February 3, 2023

The cancelation of festivals and other crowd-drawing events in the Cordillera due to the threats of the Covid-19 has adversely affected the vegetable industry in the region, an official of a trader’s group in Benguet said on Friday.
Benguet Farmers Marketing Cooperative Manager Agot Balanoy said the last month of 2019 and the first two months of 2020 have been difficult for the vegetable industry.
She said suspension of the Panagbenga had led to the drop in the sales of vegetables locally.
She said suspension of the Panagbenga has led to hotels, restaurants, and resorts’ limiting their orders due to the low demand for food in establishments.
Balanoy said cancelation of the festivals in other parts of the region also resulted in a decrease in the demand for vegetables, substantially reducing the orders at the vegetable trading post.
“Few vegetables are being bought and transported to other regions,” she said.
Balanoy, however, said the supply of vegetables is steady.
“There are no calamities and there is nothing to disturb the production but the demand is just low that it caused prices to drop,” Balanoy said.
Balanoy said since December 2019, traders have been having a difficult time selling their vegetables in Metro Manila where sellers were prevented from peddling on the streets, effectively reducing orders.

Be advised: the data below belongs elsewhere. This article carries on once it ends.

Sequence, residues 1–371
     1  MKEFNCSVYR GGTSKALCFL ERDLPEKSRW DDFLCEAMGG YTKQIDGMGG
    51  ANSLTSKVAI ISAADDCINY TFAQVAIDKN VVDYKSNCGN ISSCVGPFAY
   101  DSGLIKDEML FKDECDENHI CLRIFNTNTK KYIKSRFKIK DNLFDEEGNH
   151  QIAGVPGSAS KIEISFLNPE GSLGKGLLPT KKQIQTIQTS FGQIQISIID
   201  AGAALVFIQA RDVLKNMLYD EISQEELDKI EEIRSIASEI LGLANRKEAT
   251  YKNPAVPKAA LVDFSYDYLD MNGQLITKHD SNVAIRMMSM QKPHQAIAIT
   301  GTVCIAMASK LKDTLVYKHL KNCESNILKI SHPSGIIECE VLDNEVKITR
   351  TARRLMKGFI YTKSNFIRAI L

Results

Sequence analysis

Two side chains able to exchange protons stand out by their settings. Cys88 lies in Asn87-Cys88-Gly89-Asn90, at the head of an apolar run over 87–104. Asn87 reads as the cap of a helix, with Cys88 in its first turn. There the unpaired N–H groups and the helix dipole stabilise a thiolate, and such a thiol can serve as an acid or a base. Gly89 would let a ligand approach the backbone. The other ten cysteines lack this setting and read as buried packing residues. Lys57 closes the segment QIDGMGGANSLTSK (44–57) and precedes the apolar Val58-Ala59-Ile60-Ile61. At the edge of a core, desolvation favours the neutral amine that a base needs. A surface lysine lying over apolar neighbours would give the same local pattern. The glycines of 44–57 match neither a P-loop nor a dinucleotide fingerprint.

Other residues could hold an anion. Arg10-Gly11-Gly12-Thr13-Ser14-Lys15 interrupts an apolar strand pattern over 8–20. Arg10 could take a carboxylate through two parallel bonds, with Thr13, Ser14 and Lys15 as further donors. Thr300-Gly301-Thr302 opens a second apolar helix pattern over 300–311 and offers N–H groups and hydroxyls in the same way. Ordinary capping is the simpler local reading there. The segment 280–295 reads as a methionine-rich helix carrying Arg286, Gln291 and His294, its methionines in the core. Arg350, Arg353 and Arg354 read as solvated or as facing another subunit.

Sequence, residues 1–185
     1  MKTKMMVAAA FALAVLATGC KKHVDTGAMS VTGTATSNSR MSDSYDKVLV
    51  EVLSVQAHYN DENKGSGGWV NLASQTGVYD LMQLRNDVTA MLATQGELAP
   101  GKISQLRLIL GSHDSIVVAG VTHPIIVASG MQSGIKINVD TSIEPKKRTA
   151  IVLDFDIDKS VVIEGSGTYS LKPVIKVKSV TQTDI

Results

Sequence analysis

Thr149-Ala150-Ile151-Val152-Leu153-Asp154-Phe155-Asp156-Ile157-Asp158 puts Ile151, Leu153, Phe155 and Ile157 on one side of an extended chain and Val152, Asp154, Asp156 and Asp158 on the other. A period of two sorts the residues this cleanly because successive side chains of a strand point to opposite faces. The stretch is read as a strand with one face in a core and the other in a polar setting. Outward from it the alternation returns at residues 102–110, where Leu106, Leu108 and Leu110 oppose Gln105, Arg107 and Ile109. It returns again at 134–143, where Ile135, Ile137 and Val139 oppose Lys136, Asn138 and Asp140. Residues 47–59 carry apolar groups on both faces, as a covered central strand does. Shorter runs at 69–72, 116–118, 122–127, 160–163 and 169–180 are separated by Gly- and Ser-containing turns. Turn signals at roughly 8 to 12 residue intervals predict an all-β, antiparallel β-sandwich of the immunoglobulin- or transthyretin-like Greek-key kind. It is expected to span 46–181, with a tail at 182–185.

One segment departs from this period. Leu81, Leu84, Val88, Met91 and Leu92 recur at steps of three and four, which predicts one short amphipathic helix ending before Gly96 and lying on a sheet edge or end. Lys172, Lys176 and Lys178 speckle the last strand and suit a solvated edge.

The truck ban in Baguio during the nationwide peak demand for vegetables had also affected the sales of highland produce.
Balanoy said around 130,000 farmers in Benguet supply highland vegetables in different markets nationwide.
She said wholesale prices at the La Trinidad Trading Post dropped.
On Feb. 10, cabbage was sold at P4 to P8 for the mighty ball variety, the rare ball from P6 to P10; scorpio at P10 to P14 per kilo on Feb. 10.
She said these further dropped to P3 to P6, P4 to P7 and P6 to P10 for the same varieties, respectively on Feb. 28.
Balanoy said wombok (Chinese cabbage) was sold on Feb. 10 between P6 to P10 and carrots from P10 to P15 and improved a little on Feb. 28 from P5 to P10 for wombok and P12 to P16 for carrots.
Potato prices remain good from P40 to P55 a kilo depending on the size, Balanoy said.
La Trinidad Municipal Information Officer Joel Cervantes said the drop in vegetable prices is affecting the traders and the farmers who have to face the brunt of the drop in prices with losses due to unsold goods. – PNA